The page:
GT Voice: China won’t be a cover-up for India's trade barriers
Published: Aug 13, 2023 09:04 PM
Illustration: Xia Qing/GT

Illustration: Xia Qing/GT

After India's recent move restricting the imports of laptops and other electronics triggered worries among big Western manufacturers, new voices have emerged, pointing out that the import curb is aimed at China. 

As a display of India's eagerness and anxiety to boost local manufacturing, the changeable and market-distorting measures that seemingly came out of nowhere may be just the beginning. But China won't be a cover-up for India's trade barriers.

While the Indian government did not openly explain the intention of its import licensing requirements for laptops, tablets and personal computers, anonymous Indian officials justified the move through several media outlets, revealing the hope of reducing the country's trade deficit with China, German newspaper Handelsblatt reported. More than half of India's computer imports, worth about $10 billion each year, come from China, it said.

Paradoxically, the Handelsblatt report also raised the point that Western companies can ultimately benefit from the trade dispute.

This may just play into India's hands. Indian officials have been accustomed to leaking information to the media to "placate" the West by shifting the focus of attention of its new trade barriers to China, creating the illusion that China is the only target. 

Most of these leaks are from anonymous sources, a situation that can provide sufficient flexibility for the implementation of trade barriers.

However, Western public opinion appears to buy it and even consider it a good development, reflecting a regrettable regression and degradation.

There is no denying that China is India's most important supplier of electronics products, but it does not change the fact that the new licensing requirement is aimed at global manufacturers including Apple, Samsung, Dell and Chinese companies. Whether they have manufacturing bases in China or not, they will have to spend extra time and effort getting the necessary permits to ship their products to India, and the only way avoid this trouble is to manufacture the products in India.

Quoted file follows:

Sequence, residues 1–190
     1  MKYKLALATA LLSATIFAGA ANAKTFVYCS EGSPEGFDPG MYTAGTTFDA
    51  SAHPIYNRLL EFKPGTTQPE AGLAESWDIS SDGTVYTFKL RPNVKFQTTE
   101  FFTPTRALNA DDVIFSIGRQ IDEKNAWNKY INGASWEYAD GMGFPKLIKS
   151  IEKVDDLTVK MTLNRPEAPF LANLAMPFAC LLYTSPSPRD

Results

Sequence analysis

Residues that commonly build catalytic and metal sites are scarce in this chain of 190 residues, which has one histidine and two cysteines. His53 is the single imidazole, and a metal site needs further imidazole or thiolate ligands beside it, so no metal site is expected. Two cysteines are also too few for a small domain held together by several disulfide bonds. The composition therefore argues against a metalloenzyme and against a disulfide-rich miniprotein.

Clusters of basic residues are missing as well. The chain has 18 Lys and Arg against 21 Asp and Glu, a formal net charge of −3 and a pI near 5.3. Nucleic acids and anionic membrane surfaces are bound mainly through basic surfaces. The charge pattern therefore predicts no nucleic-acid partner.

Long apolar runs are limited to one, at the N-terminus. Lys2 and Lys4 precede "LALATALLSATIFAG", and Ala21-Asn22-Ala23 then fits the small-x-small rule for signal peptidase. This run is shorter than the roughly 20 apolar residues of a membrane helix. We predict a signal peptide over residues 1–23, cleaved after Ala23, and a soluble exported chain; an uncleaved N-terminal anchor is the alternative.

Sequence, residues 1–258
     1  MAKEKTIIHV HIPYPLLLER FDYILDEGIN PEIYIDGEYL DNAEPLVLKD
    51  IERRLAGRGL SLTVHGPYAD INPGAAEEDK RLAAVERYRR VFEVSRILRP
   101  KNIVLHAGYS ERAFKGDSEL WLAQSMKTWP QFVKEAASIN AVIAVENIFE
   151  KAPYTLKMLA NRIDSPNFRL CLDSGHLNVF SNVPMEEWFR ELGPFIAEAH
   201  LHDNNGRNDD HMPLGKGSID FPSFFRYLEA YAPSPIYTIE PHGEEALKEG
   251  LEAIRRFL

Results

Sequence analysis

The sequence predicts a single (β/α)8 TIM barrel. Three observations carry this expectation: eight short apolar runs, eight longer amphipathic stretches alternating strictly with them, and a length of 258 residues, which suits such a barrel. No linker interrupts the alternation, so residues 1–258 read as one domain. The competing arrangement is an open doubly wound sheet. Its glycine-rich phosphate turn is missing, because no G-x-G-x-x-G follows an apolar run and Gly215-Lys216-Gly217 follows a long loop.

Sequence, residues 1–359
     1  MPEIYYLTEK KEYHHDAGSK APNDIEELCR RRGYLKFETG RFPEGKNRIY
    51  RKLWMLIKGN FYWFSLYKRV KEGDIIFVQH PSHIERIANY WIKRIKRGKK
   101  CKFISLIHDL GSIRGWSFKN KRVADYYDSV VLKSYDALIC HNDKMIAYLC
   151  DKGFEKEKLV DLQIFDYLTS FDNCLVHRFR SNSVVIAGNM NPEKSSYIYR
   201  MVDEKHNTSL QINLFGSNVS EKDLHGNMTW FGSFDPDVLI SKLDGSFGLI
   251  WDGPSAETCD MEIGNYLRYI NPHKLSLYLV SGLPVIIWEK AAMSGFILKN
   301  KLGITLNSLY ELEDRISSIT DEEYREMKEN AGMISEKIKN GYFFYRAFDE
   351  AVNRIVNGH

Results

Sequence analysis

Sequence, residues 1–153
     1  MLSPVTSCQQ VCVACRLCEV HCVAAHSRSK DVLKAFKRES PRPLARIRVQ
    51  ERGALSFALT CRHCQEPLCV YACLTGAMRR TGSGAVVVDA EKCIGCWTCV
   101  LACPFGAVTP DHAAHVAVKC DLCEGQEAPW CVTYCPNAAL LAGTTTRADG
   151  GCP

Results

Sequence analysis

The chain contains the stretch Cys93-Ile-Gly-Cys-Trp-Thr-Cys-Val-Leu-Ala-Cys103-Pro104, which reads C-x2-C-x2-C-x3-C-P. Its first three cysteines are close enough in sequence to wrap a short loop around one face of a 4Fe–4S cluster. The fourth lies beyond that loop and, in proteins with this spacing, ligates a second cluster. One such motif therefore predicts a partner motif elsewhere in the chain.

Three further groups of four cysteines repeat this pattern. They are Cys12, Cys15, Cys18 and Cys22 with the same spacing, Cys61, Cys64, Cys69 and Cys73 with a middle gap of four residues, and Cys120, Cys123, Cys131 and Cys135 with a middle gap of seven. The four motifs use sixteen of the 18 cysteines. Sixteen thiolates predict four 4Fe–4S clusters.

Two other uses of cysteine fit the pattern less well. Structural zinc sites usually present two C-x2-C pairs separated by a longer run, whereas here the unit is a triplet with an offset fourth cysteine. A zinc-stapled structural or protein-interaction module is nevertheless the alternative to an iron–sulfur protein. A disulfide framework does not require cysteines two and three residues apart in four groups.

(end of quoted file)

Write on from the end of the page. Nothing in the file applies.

China remains the most frequent target of Indian protectionism. This is not the first time India has clamped down on Chinese imports to boost its domestic manufacturing, which reflects geopolitical tensions between the two countries as well as economic considerations. 

China is a major supplier of many Indian imports. But it needs to be pointed out that India has often borne the brunt of the losses of such import curbs. For instance, after the Indian government imposed a ban on shuttle imports from China in 2020, even practice at the national badminton camp was adversely affected by the shortage of shuttles.

Making laptops and computers is, of course, far more complicated and challenging than addressing the shuttle supply shortage. India simply does not have the ability to reject the import of Chinese computers. If India reduces computer imports, it will seriously restrict the development of India's manufacturing and industrialization.

It would be a big mistake if someone thinks that India's import restrictions could force Chinese investment and Western companies to switch their resources to India's computer industry, which could backfire. This is because if India uses unfair means to undercut China's manufacturing sector, then it would give China every reason to use similar trade restrictions to fight back. 

For instance, although India has seen the rapid development of smartphone manufacturing, it is heavily dependent on supplies of Chinese parts. Without the support of Chinese components, smartphone production in India would face serious problems. Similar products that are highly dependent on Chinese supplies may include mechanical equipment, textile raw materials and others.

Before cracking down on Chinese imports, India needs to bear in mind that China won't always sit idly by in the face of its protectionism and India's manufacturing dream and exports would sustain blows without the support of Chinese-made intermediates.